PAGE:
On open source linux, AMD's offering is quite compelling for mainstream users at the moment: for little money, it's possible to have a well matured and full-featured high performance linux system based upon AMD's FX range or APU range, with a high performance AMD GP-GPU. Of the latest AMD GPU series, I particularly like the R9 285, because it's lower power, which again saves money, while still offering ample graphical and floating point performance, and a good audio experience, using only open source software. I would go for a 970 or 990FX based mobo, a good AiO cooler for the CPU, and an R9 285, which is pretty silent and doesn't require a very expensive PSU. RAM is actually more important on linux than it is for most users on Windows. The linux operating system and applications use a lot less RAM than closed source applications, but linux and open source applications can actually get more benefit from more RAM than most Windows systems. Most Windows games are still 32-bit games, even the Steam Client (also in Linux) is 32-bit, which means that it will never use more than 3.6 GB of RAM. That shows that Windows and Windows software is really holding the systems back, when people are spending ever more money on ever more powerful CPU's and GPU's, to run applications that require just about the same amount of RAM as they did 15 years ago. In linux, RAM usage is much less than in Windows, but extra RAM will lead to much better performance of common applications like Firefox (has been 64-bit for ages in linux, still 32-bit in Windows), LibreOffice Calc (huge spreadsheets will not impact performance, also because LibreOffice Calc uses OpenCL acceleration, so whereas for instance a humongous spreadsheet on Excel in Windows will become a dog to work with, it will still be snappy in Calc on linux, even on a much more modest system, and even for the same amount of RAM, and if the system starts to struggle, on the linux system all you need is a RAM upgrade to be able to load a larger spreadsheet in RAM, but on the Windows system, a lot more hardware upgrade will be needed, in particular a stronger CPU, because there is no OpenCL acceleration, and thus a new mobo, etc...). So I would go with 16 GB of RAM as a minimum, so that there is some space for some virtual machines, etc... just more functional flexibility.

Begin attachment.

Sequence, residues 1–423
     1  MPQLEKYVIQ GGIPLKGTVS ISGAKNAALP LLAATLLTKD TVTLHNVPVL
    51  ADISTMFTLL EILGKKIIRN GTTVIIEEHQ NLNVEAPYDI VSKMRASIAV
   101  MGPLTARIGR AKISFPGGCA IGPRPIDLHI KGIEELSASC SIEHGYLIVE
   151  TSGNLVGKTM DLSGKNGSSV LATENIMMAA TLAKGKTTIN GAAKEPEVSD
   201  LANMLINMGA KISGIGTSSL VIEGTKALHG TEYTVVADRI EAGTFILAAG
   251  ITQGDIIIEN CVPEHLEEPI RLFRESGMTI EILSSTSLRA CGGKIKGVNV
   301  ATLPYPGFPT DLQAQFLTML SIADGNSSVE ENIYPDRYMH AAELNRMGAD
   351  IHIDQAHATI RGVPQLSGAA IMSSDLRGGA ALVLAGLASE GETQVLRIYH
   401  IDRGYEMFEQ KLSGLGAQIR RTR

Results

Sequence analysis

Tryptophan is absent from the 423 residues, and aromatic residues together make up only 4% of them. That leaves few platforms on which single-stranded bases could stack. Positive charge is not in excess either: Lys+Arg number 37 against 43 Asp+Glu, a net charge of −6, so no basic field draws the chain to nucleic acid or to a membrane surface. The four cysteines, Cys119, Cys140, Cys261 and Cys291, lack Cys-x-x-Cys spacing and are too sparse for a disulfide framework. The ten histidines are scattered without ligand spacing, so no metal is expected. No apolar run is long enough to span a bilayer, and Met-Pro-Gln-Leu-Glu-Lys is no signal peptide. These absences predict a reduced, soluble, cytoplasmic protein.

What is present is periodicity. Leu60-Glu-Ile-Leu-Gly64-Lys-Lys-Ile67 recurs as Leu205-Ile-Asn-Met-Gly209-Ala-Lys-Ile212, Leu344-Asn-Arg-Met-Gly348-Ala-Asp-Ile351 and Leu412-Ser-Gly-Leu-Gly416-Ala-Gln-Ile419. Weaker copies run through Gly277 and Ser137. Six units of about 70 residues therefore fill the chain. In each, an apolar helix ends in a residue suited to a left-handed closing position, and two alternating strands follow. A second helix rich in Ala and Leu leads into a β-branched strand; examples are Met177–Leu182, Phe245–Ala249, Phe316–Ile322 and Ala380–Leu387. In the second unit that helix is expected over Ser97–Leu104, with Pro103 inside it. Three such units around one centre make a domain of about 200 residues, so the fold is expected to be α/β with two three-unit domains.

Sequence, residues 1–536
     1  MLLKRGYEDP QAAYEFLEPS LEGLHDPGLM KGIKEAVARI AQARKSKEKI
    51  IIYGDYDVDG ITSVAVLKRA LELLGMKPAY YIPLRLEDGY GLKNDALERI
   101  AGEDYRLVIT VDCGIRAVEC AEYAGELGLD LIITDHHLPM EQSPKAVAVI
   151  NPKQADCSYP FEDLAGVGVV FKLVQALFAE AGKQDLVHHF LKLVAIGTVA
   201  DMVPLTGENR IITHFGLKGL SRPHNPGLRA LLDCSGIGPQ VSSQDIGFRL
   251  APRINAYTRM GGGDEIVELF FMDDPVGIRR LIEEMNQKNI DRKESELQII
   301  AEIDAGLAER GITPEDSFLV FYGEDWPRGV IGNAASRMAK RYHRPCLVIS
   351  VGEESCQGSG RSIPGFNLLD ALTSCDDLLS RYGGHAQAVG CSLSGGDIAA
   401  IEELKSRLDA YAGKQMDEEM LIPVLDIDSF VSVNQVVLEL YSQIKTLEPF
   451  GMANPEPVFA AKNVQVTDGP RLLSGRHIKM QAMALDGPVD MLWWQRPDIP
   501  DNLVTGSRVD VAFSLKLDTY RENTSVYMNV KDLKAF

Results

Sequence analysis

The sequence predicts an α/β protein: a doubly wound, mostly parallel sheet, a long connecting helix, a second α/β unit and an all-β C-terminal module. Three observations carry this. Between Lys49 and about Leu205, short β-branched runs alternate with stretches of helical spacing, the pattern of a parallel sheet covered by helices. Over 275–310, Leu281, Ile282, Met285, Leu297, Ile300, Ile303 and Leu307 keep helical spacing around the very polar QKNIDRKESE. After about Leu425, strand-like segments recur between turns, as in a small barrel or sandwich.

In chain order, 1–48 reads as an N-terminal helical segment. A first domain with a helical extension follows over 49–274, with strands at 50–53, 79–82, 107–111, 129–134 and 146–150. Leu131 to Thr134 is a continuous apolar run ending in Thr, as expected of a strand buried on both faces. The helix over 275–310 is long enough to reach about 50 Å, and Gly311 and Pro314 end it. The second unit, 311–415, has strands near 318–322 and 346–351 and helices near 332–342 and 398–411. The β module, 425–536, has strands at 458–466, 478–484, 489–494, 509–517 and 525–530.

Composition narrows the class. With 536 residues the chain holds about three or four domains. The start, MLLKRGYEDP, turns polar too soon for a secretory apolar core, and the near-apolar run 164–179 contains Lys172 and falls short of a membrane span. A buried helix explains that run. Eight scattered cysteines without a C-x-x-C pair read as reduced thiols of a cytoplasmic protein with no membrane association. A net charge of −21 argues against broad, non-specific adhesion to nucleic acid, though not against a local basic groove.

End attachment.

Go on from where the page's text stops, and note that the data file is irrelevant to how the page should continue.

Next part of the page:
Another thing with linux, is that the desktop PC isn't the central piece of the linux environment any more. A lot of devices run linux these days, and they all work together out of the box in a linux environment. No more pesky proprietary protocols that make it impossible to use advanced features out of the box, etc... no more need for spyware-enabled proprietary software to connect interestingly priced appliances like media servers or NAS boxes from the WD consumer line for instance. For 100 USD, you can actually buy a WD MyCloud with 2 TB of space, and WD delivers a free DNS service that is pretty well thought out, based upon the hardware identifier and full strong encryption. If you use that with the WD software, it's of course not that interesting from a privacy point of view, but these devices (and also devices like the WD-TV Live Hub for instance), run linux inside, and are just out of the box compatible with any linux machine, without any downloaded application for Windows, without any specific software that spies upon you, etc... it just works very well right out of the box, and you don't even have to pay for a DNS service to roll out your own cloud if all you need is ftp and dlna. So buying hardware as an open source user, is a completely different thing than buying hardware for closed source. An open source user sees things completely differently, selects devices for other reasons, because the software is much more important than the hardware, and there is no need to buy ever more hardware to compensate for the failure of the software. Open source users don't buy new hardware because they need more performance very often, they mostly buy new hardware because they want more features and functionality, like NASes, 3D printers, dev kits, larger and more monitors for more clutter free vertical desk space that makes life simpler and work more efficient, etc...